The work station design affects the production rates, efficiency and the accuracy with which an operation can be performed. A work station not only needs space for the worker and the machine, there are plenty of other items which also need accommodation.

Space requirements and a few more factors governing a good work station design, are described below:

(a) Space Requirements:

1. Space for the worker to stand, sit (as per requirements) or turn comfortably to operate the machine.


2. Space for the machine, taking into considerations the overhang, projection or the over-travel (OT) of the machine parts, like table of a milling machine or a planer.

3. Space for the work if it is projecting out from the machine like a long bar fed to a turret lathe.

4. Space for bins storing incoming material and processed goods.

5. Space for necessary tools and supplies required by the worker.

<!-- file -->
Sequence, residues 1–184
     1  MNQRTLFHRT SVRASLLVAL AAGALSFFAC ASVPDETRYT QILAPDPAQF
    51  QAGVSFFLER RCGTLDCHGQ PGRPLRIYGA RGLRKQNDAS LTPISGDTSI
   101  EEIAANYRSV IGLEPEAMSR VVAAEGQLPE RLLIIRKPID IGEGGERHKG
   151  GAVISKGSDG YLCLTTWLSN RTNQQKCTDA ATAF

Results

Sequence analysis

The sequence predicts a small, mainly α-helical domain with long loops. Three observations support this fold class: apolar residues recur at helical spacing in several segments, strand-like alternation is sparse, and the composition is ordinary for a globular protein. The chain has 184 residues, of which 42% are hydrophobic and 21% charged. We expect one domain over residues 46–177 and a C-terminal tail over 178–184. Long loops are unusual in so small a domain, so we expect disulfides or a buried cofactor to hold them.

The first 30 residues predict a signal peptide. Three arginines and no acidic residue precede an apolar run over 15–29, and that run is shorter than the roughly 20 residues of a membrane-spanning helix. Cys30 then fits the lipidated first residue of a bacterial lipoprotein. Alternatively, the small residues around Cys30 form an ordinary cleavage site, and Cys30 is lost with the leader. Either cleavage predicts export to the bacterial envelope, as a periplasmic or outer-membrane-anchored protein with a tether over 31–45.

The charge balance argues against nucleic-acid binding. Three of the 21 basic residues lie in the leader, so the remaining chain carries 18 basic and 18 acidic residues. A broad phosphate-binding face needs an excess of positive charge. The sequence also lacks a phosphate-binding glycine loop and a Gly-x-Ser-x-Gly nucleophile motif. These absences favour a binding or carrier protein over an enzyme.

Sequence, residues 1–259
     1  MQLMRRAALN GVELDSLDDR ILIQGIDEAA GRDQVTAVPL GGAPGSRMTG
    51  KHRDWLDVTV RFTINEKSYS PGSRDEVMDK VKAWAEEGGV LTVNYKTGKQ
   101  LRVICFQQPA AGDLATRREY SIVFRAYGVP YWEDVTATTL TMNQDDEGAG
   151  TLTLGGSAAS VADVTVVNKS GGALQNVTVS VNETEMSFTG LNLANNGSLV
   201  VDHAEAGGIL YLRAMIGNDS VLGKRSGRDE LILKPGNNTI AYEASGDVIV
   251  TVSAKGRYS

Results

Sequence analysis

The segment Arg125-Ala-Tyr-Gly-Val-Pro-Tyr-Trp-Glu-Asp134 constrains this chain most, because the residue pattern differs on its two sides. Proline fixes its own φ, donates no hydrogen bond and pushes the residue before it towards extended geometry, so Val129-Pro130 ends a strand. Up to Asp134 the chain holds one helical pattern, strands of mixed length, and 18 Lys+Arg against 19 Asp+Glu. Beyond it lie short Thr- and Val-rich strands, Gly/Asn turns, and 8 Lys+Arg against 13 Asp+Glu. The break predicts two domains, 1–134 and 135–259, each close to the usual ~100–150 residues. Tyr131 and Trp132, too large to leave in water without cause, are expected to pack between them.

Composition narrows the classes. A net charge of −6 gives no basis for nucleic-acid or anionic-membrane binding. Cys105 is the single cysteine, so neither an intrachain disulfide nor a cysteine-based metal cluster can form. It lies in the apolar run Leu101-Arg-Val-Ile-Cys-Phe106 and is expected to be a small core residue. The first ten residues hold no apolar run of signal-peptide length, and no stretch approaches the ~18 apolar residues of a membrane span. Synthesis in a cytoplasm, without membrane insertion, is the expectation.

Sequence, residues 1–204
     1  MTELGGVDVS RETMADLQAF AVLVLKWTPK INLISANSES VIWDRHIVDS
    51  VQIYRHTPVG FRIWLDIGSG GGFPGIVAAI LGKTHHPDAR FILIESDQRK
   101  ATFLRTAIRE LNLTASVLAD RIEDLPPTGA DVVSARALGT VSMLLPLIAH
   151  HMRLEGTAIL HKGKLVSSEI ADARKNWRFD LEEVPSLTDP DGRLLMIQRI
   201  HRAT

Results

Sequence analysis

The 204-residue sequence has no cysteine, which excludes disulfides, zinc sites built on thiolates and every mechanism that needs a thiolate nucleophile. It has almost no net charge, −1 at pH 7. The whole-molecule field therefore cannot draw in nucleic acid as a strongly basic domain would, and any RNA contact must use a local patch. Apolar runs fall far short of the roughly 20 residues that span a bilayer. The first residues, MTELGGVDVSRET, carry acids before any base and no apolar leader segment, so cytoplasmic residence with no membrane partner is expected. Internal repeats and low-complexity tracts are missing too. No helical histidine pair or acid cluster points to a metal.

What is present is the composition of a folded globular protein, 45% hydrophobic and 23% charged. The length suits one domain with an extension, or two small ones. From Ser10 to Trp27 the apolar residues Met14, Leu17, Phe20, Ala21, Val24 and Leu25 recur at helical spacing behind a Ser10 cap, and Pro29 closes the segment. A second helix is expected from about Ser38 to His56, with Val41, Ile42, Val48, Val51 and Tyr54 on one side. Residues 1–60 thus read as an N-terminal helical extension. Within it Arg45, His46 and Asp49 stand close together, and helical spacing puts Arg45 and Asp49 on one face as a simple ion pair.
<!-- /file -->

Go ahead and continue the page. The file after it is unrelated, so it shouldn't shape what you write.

6. Space for additional attachments, accessories, or jigs and fixtures.

7. Space to load large work on and off the machines.

(b) Besides space requirements as given above other factors are:

1. Considerations of the space required, for the movements of material handling equipment.


2. Easy access to safety stops in case of emergency.

3. Easy access to machine for inspection, lubrication, maintenance and repairs.

4. Convenience of making foundations and machine installation.

5. Aisle space between one machine and the next.


6. Appropriate ventilating, lighting and safety arrangements.

Figure 4.6 shows a work station layout, numbers 1, 2, 4, etc. refer to those of space requirements:

Work Station Layout for a Cylindrical Grinding Machine